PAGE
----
LittleMan TPF Noob!

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    Thanks Alison! Sorry for changing my question while you were typing... :blushing:
     
  7. CrazyAva

    CrazyAva TPF Noob!

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    I started out doing everything on location at an outdoor setting. I live in southern california though so I could get away with that since 90% of the year is sun (with the exception of this year)

    After I got a few clients and had a little more business and $$$ I purchased my lighting set. I did a bit of research to figure out what I would need and then I practiced because studio lighting is so completely different from outdoor lighting. My studio is completely mobile. Folds up into a box that fits in the trunk of my car.

    I purchased it at http://www.owens-originals.com
     
  8. wxnut

    wxnut TPF Noob!

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    Here is what I do. Looks messy, but the results are great and cheap. I just for warn the client that I am just starting out and do not have a studio, and that I set up in a room in my house. (Or there house if they want me to go there.)

    I can set up in 20 mins.

    1. Light stands
    2. tota hot lights (could use strobes to. Its up to you)
    3. diffusing umbrella
    4. shop lights. (Buy at wal mart for 3.99 a peice) (use bulb of choice. 100 watts)

    5. Back drops. (Red and white are single bed sheets bought at walmart for $4.00 a peice. The black and tan are raw fabric sewn into a backdrop, and the grey is a muslin bought from backdrop outlet.)

    6. Window fan to blow hair.
    7. Chairs and stools for posing tools.
    8. Reflecting umbrella.

    Stands, tripod, umbrellas, and light cords fit into a soft shell carrying case. Lights and cameras go into 2 hard shell cases. All can fit in the back seat of my Neon. Takes 2 trips to get it from car to room.

    [​IMG]

    And these are the results I get... Just shot these today...

    [​IMG]
    [​IMG]
    [​IMG]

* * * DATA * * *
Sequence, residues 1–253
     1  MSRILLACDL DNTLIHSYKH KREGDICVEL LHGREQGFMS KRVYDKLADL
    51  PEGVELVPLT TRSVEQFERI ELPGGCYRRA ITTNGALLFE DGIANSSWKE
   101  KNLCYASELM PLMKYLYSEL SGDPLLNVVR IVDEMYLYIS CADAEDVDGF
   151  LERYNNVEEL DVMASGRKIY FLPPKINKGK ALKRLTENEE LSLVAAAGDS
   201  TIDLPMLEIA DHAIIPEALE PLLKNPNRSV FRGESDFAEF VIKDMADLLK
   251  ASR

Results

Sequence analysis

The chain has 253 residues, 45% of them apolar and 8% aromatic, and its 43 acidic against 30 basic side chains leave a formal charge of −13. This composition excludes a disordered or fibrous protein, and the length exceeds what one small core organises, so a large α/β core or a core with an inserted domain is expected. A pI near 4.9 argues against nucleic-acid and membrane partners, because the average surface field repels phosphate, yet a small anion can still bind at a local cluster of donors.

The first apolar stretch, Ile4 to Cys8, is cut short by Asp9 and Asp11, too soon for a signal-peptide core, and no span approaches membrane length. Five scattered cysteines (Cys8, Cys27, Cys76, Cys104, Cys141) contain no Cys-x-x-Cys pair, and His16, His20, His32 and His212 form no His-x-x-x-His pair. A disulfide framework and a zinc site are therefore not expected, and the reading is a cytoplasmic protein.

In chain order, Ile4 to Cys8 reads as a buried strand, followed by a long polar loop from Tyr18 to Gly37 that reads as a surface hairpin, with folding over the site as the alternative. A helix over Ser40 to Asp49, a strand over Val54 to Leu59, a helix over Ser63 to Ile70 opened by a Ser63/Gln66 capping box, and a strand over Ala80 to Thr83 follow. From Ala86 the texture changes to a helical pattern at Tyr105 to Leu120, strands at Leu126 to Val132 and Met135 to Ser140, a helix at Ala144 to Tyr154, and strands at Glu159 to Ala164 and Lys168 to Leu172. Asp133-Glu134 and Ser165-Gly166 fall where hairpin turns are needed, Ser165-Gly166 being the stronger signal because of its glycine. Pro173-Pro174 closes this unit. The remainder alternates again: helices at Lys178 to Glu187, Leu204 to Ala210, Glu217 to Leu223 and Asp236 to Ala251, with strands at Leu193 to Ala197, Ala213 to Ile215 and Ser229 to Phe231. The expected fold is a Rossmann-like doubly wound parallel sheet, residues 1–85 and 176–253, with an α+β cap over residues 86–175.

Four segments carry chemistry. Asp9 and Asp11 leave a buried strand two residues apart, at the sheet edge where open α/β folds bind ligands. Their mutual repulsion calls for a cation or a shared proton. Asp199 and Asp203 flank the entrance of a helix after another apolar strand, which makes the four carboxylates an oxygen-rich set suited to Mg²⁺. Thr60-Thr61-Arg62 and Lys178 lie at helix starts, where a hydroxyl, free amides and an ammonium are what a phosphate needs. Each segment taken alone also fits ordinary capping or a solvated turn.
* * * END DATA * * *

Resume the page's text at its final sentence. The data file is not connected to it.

Any other questions let me know.
    Doug
    http://www.wxnut.net
     
  9. Christie Photo

    Christie Photo No longer a newbie, moving up!

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    Sure. You can get by just fine shooting outdoor portraits. And, yes... different clients will have different expectations. Just remember you're not always gonna be the guy for every job. This is OK. You don't owe it to the community to do all types of portraits because you offer one kind.

    Perfectly acceptable. Some stores sell only car tires, mufflers and batteries. They don't have the equipment to work on radiators and starters. It's not what the do. Some doctors are ENTs, and can't help with chest pain. They're still doctors.

    I insist that I choose the background. I will consisder any sugestions, but if a location is not condusive to portraits, we have to look further.

    Some months seem it's only spending and no cash flow. But I know one thing for sure... if you're not shooting, you have nothing to sell.

    BTW... Seamless paper is usually not a good choice as a background for portraits. You can transport it OK if you have a van or wagon, but it's not a good all-around choice. If I had to take only one of my backgrounds, I'd choose a canvas. They come different widths and can be supported with a single pic stand.

    I hope this helps.

    -Pete
     
  10. PhotoB

    PhotoB TPF Noob!

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    I found a nice lighting set (Calumet) on e-bay for $600. I had to buy bulbs because either they were blown or got busted in shipping. :frown: I have studio lights, 2 white umbrellas, and 2 light stands in a hard-sided case. Will still need a boom light for when I ever DO get my studio going (still just a dream), but I'm ready. When I get $ from a job, I buy some new piece of equipment- so I have yet to make any money, but I also have a steady FT job so it's not a concern. *yet*
     
  11. LAB

    LAB TPF Noob!

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    I just put together my set-up.6-SB800 flash units.5-Manfrotto Boom Stands Plus Background stands 1-Black Background 1-N. Gray Backgound 1-5 in 1 52in reflectors,I'm using color Gels to change my background colors.It fixs in a golf travel bag its on wheels and this has work very good for me.
     
  12. Tally Ho

    Tally Ho TPF Noob!

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    Doug,

    In two of your three images, you used broad lighting which cast unattractive shadows across her body and face. Using short lighting will get you pleasing shadows and will slenderize her.

    Tally Ho